Support the news
Rajon Rondo often enjoys returning to his room at the Celtics' hotel and watching tape of a Boston victory before he goes to sleep.
The losses, not so much.
Yet Rondo did just that after the NBA finals opener Thursday with teammate Kendrick Perkins, ordering room service and watching the replay of the Los Angeles Lakers' decisive win. In his own room elsewhere in the hotel, Kevin Garnett did the same thing - twice.
"You learn a lot about yourself when you lose," Garnett said. "You learn a lot about yourself when you're down. This shows what you're made of."
While Rondo and Perkins muted the television, Garnett turned it up to hear every unflattering thing said about the Celtics. Yet all three came away from the film session with two conclusions: Kobe Bryant is awfully good, but Boston still can compete with the Lakers.
"That might be the first time after a loss that I watched a game again so quickly," Rondo said Saturday before Boston's workout at the Lakers' training complex. "This isn't the first round any more. You don't have a lot of time to get things right. I think I correct my mistakes better when I see them."
Rondo, Perkins and their teammates all promised increased intensity in every aspect of their considerable games when they look to avoid an 0-2 series hole Sunday night in Game 2. After staggering into this finals rematch with an unimpressive effort, Boston hopes focus and adjustments will make their trip out West worthwhile.
"Everybody gets punched," Celtics big man Glen Davis said. "Everybody gets knocked out. It's about how you get up. We got punched. We got dazed. It's about how you react to it."
The Celtics all realize that while Bryant's offensive artistry is responsible for most of the attention directed at him, particularly after 12 30-point games already in this postseason, he's a perennial all-defensive team selection for a reason. Rondo used his film session to analyze exactly what Bryant did to slow down both the Celtics and their young point guard.
"He's a good defensive player, and we all knew that," Rondo said. "He did a great job on me. A lot of what they do on both ends keys off Kobe."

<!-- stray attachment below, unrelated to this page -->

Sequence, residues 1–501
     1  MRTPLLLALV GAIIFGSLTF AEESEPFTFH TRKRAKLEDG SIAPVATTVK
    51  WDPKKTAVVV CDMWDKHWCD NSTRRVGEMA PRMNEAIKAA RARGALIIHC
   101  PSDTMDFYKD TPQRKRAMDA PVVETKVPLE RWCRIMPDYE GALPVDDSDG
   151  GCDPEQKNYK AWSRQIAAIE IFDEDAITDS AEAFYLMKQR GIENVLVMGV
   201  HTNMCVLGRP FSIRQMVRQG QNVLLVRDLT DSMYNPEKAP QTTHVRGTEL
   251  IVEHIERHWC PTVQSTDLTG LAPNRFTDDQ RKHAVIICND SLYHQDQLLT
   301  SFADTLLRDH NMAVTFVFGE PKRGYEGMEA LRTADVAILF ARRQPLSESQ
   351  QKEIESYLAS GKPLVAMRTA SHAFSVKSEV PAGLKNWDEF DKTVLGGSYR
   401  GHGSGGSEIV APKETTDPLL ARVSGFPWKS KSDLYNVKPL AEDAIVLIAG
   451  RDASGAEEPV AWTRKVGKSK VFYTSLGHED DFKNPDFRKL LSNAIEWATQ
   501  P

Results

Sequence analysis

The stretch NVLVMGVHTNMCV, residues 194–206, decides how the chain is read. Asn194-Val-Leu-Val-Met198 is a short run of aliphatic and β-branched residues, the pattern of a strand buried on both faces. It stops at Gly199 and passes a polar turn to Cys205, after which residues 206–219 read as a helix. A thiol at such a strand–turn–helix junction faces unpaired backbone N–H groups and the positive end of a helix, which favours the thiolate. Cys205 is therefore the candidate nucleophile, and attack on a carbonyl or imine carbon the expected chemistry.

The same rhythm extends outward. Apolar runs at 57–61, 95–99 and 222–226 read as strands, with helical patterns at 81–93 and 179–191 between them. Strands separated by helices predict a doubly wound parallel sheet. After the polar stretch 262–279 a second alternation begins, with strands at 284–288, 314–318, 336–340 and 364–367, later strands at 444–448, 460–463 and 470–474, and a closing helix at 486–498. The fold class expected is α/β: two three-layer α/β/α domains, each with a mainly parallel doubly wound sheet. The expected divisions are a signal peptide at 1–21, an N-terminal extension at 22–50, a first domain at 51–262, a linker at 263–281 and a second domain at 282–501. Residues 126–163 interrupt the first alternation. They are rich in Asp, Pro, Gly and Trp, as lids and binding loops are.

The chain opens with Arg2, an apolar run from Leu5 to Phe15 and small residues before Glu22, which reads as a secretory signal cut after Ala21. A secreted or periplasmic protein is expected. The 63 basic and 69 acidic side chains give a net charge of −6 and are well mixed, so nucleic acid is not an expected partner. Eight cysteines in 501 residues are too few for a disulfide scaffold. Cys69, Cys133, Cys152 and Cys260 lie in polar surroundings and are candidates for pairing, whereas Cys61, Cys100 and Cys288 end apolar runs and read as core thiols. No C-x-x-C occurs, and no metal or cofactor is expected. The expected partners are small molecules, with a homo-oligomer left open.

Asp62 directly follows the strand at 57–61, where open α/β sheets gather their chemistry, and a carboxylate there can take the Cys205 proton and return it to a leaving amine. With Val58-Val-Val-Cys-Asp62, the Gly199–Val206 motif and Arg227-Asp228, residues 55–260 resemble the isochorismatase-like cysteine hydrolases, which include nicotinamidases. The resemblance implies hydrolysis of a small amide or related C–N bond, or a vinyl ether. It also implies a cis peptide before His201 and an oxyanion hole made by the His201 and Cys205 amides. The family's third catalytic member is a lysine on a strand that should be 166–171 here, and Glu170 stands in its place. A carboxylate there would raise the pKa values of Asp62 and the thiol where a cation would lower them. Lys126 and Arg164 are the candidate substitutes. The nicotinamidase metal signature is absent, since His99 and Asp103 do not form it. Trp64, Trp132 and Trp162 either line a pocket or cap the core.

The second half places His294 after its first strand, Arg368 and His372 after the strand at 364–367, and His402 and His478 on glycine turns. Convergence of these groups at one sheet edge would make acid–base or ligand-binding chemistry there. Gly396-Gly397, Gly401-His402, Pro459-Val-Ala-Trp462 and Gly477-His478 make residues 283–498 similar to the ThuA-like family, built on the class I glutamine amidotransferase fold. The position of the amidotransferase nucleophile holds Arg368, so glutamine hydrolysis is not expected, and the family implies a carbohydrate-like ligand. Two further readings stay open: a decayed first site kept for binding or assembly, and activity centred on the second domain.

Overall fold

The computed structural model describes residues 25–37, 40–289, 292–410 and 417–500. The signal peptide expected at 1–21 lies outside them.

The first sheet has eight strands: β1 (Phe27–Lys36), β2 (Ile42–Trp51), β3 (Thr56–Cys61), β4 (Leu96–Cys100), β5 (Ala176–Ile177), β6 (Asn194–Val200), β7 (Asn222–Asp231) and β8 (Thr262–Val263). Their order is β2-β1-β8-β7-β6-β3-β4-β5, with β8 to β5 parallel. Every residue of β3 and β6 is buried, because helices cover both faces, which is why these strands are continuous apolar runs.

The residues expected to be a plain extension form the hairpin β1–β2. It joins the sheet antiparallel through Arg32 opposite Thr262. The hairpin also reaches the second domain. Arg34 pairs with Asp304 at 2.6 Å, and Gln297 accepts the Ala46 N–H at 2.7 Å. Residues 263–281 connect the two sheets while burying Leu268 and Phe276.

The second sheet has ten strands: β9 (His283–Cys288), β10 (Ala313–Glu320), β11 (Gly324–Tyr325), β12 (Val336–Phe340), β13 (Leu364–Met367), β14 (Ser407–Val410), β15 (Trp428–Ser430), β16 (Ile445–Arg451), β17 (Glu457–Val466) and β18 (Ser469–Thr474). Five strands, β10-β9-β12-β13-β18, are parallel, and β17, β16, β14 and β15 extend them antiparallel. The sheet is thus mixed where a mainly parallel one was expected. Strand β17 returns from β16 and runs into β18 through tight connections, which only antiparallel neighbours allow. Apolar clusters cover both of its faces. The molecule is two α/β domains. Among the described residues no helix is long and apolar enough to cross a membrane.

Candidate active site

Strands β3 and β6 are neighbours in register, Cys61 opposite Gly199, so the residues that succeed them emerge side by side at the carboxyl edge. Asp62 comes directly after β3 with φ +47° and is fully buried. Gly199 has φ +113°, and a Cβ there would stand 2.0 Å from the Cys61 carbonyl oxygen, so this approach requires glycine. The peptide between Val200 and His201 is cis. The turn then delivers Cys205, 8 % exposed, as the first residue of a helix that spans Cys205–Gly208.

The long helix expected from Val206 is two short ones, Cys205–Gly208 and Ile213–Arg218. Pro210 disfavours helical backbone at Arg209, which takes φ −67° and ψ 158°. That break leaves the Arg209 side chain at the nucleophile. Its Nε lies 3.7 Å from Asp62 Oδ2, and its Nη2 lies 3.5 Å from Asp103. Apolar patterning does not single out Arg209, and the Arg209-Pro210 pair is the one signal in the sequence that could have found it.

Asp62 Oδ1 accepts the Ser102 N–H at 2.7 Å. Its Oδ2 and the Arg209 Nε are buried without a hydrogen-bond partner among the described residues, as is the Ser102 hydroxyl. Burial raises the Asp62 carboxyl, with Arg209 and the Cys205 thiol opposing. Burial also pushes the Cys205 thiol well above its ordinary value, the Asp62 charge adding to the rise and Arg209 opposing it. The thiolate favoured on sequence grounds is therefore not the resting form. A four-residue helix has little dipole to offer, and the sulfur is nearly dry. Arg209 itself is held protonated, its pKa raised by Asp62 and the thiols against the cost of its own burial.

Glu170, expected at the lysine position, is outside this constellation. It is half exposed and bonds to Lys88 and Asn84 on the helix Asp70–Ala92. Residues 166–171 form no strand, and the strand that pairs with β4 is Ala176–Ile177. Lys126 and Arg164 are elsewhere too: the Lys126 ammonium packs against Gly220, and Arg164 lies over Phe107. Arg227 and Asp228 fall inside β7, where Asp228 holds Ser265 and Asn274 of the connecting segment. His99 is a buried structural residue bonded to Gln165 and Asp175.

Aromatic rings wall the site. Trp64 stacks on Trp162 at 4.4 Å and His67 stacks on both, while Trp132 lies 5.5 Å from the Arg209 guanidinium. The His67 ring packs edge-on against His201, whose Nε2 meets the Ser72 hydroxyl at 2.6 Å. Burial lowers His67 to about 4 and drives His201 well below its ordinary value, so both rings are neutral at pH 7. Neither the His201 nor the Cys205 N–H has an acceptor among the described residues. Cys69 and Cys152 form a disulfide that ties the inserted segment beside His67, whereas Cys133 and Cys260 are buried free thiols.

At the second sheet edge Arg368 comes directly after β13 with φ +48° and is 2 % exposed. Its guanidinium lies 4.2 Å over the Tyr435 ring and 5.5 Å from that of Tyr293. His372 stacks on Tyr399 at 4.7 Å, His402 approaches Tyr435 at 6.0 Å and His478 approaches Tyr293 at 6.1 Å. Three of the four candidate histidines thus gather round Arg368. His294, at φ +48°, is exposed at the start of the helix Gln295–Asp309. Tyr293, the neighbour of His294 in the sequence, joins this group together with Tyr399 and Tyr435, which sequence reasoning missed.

Bryant guarded Rondo at times during the 2008 finals largely because the matchup left him free to help out on other defensive matchups while daring Rondo to beat them.
After Rondo shredded Cleveland and Orlando in consecutive playoff series, he's possibly the Celtics' single biggest offensive threat. The Lakers concentrated on using Bryant's superior size to direct Rondo into tough areas of the court.
"You don't want to overcommit too much, but it's a full-time job because he's very smart," Bryant said. "He gets after it quite a bit. It takes a great deal of energy and effort to key in on him."
So everybody played a role. When Rondo slipped underneath the basket for difficult layup attempts in the first half of Game 1, both Pau Gasol and Andrew Bynum rudely swatted away one of his shots. Lakers coach Phil Jackson drilled his big men on resisting the urge to pick up Rondo immediately, which would allow Rondo to pass to his own low-post players for dunks.
"We try not to commit too early, because that's when they get you," Bynum said. "You just have to stay disciplined, and we did that in Game 1."
Boston ended up with playoff lows in field goals (29) and attempts (67), and Celtics coach Doc Rivers traces it all back to his team's play on defense.
Los Angeles surprised Boston by running relatively little of its customary triangle offense, instead using pick-and-roll plays that cleared space for numerous aggressive drives to the hoop, even by backup guards Jordan Farmar and Shannon Brown. Add that to a passionless rebounding effort in a foul-plagued game, and Rivers wasn't surprised to see the Celtics manage just 89 points.
"Rondo is not going to get going if we don't get stops," Rivers said. "Our offense is directly connected to our defense. Every team's is, for the most part, if you want to run. If we're going to take the ball out of bounds, if they're going to shoot free throws, they're going to get second shots, Rondo is not going to be in the open court. If we can get multiple stops, we can get multiple runs."
Rivers and Jackson both seemed pleased to have an extra day off between the series' first two games, as
dictated by the NBA's television schedule. Sunday's meeting is the first of three in five days, with a cross-country flight thrown in, so the time for game-planning was Saturday, and both coaching staffs knew it.
"I think we gain some time for guys that obviously can use time," Jackson said, referring to several Lakers nursing minor injuries - including Bryant, who again watched practice from a folding chair at courtside.
Jackson said the break gives the Lakers "an opportunity to digest some of the things that are ongoing, concerns about our team's effort, where we have to expend more energy, more focus. I think you lose a little bit of the continuity of that nervous energy that you build up to get into a series, so you can lose a little bit of your guard. That will be something we have to be prepared for."
This program aired on June 6, 2010. The audio for this program is not available.
Support the news